Why Sleeping Makes You a Better Athlete, Mentally & Physically

The phrase “sleep is for the weak” is said to have different origins. Some say it emerged during wars and battles as a sneer over the soldiers who slept, challenging their physical abilities. Others believe it is connected to the culture of work—when someone sleeps, another person uses this time to excel and get more done. However, this phrase has deep fallouts. Sleep is one of the most important processes in our lives. A good night’s sleep contributes to the quality of your day and affects your mood and health in the long run. Moreover, sleep is essential to good performance in any type of sport. Continue reading to find out why!

What is sleep?

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From a psychological point of view, sleep is a state of consciousness. It is a natural process in which many things occur. The topic of sleep and why we do it has been in the interest of scientists for a long time. After studying sleep, researchers found out that it was not only a time for relaxation and peace but also a time when the brain is actively working. 

They have identified four stages of sleep. During stages I-III of sleep: our heart rate reduces, muscles relax, breathing and eye movement slow down, the brain waves gradually become slower, and by stage III we fall deeply asleep. After that comes REM sleep—rapid eye movement sleep—where our eyes move rapidly from side to side. Interestingly, this stage highly contrasts with its preceding one, when we are least receptive to anything happening on the outside. REM is characterized by an increase in blood pressure, heart rate, breathing, mixed brain wave frequency (similar frequency to when we are awake and relaxed), and the paralyzation of our arms and legs. This is because dreams are most likely to occur during REM and so our brain makes sure we do not act out on them and injure ourselves.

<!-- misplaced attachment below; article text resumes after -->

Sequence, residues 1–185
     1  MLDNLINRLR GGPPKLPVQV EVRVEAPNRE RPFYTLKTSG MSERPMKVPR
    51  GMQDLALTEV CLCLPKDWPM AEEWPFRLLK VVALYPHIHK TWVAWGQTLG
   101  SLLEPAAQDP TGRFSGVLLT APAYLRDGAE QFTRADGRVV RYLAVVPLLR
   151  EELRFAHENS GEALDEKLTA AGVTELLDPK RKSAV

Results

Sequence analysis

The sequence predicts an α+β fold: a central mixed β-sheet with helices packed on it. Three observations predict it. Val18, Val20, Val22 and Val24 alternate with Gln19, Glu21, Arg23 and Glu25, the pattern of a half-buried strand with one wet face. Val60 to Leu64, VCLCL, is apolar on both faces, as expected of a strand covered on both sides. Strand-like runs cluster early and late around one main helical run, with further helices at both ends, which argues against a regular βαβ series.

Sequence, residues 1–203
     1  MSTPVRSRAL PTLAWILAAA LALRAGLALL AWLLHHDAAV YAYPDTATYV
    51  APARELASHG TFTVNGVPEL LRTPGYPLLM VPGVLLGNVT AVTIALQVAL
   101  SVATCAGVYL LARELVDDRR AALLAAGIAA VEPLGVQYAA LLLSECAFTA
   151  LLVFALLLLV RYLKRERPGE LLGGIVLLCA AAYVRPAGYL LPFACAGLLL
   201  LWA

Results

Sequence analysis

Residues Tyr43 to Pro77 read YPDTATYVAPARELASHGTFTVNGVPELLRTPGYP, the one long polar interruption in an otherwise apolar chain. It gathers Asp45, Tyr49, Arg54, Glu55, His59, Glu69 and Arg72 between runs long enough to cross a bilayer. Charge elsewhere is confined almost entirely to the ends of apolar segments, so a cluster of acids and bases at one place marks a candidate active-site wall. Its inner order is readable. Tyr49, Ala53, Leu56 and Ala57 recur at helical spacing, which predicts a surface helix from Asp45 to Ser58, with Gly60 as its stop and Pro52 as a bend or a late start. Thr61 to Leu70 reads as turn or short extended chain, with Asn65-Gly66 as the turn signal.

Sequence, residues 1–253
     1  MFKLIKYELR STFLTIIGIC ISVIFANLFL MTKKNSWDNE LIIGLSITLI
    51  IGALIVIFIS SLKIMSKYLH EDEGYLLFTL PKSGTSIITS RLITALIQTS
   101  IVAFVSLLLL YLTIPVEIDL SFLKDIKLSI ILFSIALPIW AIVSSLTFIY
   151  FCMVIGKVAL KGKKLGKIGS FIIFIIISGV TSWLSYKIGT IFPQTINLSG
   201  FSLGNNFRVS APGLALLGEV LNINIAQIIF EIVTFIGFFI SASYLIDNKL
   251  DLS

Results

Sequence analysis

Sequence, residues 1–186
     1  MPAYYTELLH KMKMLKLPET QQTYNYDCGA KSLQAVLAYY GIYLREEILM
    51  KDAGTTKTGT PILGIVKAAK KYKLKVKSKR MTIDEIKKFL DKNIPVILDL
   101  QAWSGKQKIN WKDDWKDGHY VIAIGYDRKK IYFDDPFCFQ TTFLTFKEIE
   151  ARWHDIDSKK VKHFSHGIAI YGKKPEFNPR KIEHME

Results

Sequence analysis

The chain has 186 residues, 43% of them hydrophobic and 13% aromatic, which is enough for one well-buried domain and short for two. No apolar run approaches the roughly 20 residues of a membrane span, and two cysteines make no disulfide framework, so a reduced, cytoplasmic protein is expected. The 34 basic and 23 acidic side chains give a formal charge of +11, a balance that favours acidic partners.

So why is sleep important?

Numerous studies have shown that sleep is extremely vital to function healthily. The recommended duration of sleep for teenagers aged 14-17 is 8-10 hours. We rest while sleeping, but some major neurological changes happen in the brain as well. When we sleep, our brain washes away the toxins acquired during the day with fluids. Moreover, our brain erases the less important parts of memories and strengthens parts we do need to remember. If you don’t get enough sleep, you will not be able to acquire new skills as easily. Sleep also improves the state of the blood vessels and the heart, which is important when playing sports. Cognitive performance showed to be influenced by sleep.

Research conducted done by Ricardo Brandt in 2017 on athletes monitored their sleep and consequent performance. Low quality of sleep resulted in anger and reduced vigor, which then led to a decrease in the odds of winning the game. For those athletes who reported to have slept well, the odds of winning the game increased. The research concluded a correlation between sleep and the state of mind, which then influences sports performance. Another study observed male basketball players who increased the duration of their sleep. The outcome was faster running, improved shooting, and improved mental state. Female and male swimmers who changed their sleeping schedule to 10 hours per day also reported significant improvements: increased kick strokes and quicker reaction time off diving blocks.